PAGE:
Dr. Conway began to do some basic chiropractic manipulations on the dog, paying attention to little subtleties that veterinary students don’t learn about in conventional vet medicine training. She realized there was something going on with the dog’s larynx. She thought to herself, “It’s stuck. It’s just not right.”

Shockingly, Dr. Conway turns out to have been right when conventional veterinarians were wrong, as the dog reportedly had an abscess of the larynx. The story goes on to suggest that the dog was successfully treated by alternative medicine alone, though I suspect some details of the diagnosis and therapy have been left out in the interest of creating a narrative that serves the purposes of CAM promotion:

Not only was Danielle able to accurately diagnose the dog, she was also able to treat him successfully with aromatics.

The article goes on to strongly imply that alternative practitioners are more skilled at physical examination and that conventional medicine relies too heavily on technology. Just as exercise, nutrition, and other completely conventional and mainstream health practices are often labeled “alternative” to suggest that CAM practitioners employ them and conventional doctors do not, so the universal expectation that veterinarians should learn and perform an effective physical exam as a routine part of clinical practice is twisted to suggest that this technique is somehow a feature of alternative medicine that mainstream doctors often don’t understand or apply.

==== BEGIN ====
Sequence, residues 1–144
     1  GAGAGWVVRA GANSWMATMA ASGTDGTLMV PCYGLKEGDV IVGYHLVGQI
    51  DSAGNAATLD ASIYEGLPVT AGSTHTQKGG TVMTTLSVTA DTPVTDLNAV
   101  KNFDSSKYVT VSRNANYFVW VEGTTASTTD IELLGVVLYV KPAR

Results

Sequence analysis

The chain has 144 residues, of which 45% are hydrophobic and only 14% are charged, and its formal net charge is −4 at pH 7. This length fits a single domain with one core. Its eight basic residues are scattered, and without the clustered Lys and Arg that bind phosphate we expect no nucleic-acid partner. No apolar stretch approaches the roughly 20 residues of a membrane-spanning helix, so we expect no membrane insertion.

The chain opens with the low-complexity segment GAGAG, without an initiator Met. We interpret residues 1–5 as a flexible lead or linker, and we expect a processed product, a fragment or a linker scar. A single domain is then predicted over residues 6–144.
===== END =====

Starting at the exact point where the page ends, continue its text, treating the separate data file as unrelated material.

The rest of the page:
In addition to such disingenuous spin, the story also ignores the overwhelming evidence against the theory and most clinical applications of chiropractic, which relies on a vitalistic understanding of health and disease completely incompatible with the real science both Drs. Conway and Raditic claim to also value.

The article reinforces in several other ways the role of programs such as this as advertising vehicles rather than true efforts to discovery the real value of alternative therapies. Dr. Raditic, for example, implies that preventative health care, like a good physical exam, is an alternative, rather than mainstream practice:

Seeing patients as puppies and kittens and embarking on a proactive approach to their lifelong health care is the goal. To do that, integrative programs must be available in every veterinary school.

And she once again identifies the goal of research as not discovery of the truth but marketing and promoting alternative medicine:

And good-quality research needs to be done. Danielle says, “That’s how I think we’re really going to change hearts and minds, and convince veterinarians to incorporate complementary medicine into everyday practice.”